Liz Bacon, University of Greenwich Old Royal Naval College, UK
Francesco Bellotti, University of Genoa, Italy

Ben Chang, National Central University, Taiwan
Maiga Chang, Athabasca University, Canada
Yuan-Jen Chang, Central Taiwan University of Science and Technology, Taiwan

Nian-Shing Chen, National Sun Yat-Sen University, Taiwan
Zhi-Hong Chen, National Taiwan Normal University, Taiwan
Hercy Cheng, Central China Normal University, China
Sridhar Chimalakondam, IIIT-Hyderabad, India
Tsung-Yen Chuang, National University of Tainan, Taiwan
Muhammet Demirbilek, Suleyman Demirel University, Turkey
Larbi Esmahi, Athabasca University, Canada

Mathew Joseph Gaydos, SUNY Korea, Korea
Susan Gwee, The English Language Institute of Singapore
Toshihiro Hayashi, Kagawa University, Japan
Robert Heller, Athabasca University, Canada

Huei-Tse Hou, National Taiwan University of Science and Technology, Taiwan
Jun Hu, Eindhoven University of Technology, Netherlands
Chung-Yuan Hsu, National Pingtung University, Taiwan
Mingfong Jan, National Central University, Taiwan
Venkatesh V. Kamat, Goa University, India
Beaumie Kim, University of Calgary, Canada
Kinshuk, University of North Texas, United States
Siu Cheung Kong, The Education University of Hong Kong, Hong Kong
Paul Kuo, National Palace Museum, Taiwan
Rita Kuo, New Mexico Institute of Mining and Technology, USA
Jungmin Kwon, Seoul National University, Korea
Fong-Lok Lee, The Chinese University of Hong Kong, Hong Kong
Tsai-Yen Li, National Chengchi University, Taiwan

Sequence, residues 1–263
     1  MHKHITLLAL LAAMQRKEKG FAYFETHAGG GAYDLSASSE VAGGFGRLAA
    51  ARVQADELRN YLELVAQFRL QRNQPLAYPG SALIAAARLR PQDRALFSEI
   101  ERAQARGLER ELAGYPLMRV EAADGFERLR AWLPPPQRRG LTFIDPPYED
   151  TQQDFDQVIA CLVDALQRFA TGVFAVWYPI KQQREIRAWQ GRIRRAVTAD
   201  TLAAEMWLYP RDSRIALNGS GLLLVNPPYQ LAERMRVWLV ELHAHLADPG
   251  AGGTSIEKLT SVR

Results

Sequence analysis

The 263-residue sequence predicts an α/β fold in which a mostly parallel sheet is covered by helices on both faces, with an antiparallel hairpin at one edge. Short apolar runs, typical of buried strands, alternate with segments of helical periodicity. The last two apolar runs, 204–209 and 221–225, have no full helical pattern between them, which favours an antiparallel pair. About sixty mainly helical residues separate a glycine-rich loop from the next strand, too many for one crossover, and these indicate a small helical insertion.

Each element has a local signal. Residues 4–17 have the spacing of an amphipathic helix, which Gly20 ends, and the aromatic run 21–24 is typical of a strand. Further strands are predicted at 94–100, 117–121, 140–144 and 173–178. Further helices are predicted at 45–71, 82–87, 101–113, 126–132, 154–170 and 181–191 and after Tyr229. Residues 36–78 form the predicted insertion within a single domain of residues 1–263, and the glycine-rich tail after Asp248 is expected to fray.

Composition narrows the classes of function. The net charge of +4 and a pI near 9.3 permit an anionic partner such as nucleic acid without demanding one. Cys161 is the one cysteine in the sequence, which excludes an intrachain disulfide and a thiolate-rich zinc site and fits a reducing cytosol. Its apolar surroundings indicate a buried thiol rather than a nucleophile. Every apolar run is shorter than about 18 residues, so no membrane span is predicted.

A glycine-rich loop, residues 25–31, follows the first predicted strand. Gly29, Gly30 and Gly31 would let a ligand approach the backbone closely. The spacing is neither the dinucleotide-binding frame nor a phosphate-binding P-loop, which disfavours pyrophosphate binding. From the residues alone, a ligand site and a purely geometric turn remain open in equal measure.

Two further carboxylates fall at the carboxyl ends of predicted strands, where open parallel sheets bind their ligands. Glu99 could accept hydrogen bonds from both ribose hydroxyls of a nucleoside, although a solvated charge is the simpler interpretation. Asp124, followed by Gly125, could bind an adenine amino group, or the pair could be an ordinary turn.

Hao-Chiang Koong Lin, National University of Tainan, Taiwan
Chang-Yen Liao, Central China Normal University, Taiwan
Rossitza Marinova, Concordia University of Edmonton, Canada
Saurabh Mehta, VIT, Mumbai, India
Motoki Miura, Kyushu Institute of Technology, Japan
Wolfgang Mueller, University of Education Weingarten, Germany
Kuo-Liang Ou, National HsinChu University of Education, Taiwan
Michal Ptaszynski, Kitami Institute of Technology, Japan
Ma. Mercedes Rodrigo, Ateneo de Manila University, Philippines
Demetrios G. Sampson, Curtin University, Australia
Chun-Yi Shen, Tamkang University, Taiwan

Juling Shih, National University of Tainan, Taiwan
Masanori Sugimoto, Hokkaido University, Japan
Kaoru Sumi, Future University Hakodate, Japan
Chuen-Tsai Sun, National Chiao Tung University, Taiwan
Shu-Yuan Tao, Takming University of Science and Technology, Taiwan
Ming Hsin Tsai, Asia University, Taiwan
Hongxue Harris Wang, Athabasca University, Canada
Wing-Kwong Wong, National Yunlin University of Science and Technology, Taiwan
Yang Yan, Changchun Normal University, China
Hsi-Hsun Yang, National Yunlin University of Science and Technology, Taiwan

Additional Reviewers

Joms Antony, Amal Jyothi College of Engineering, India
Arindam Nath, Next Education, India
T.S. Ashwin, NITK Surathkal, India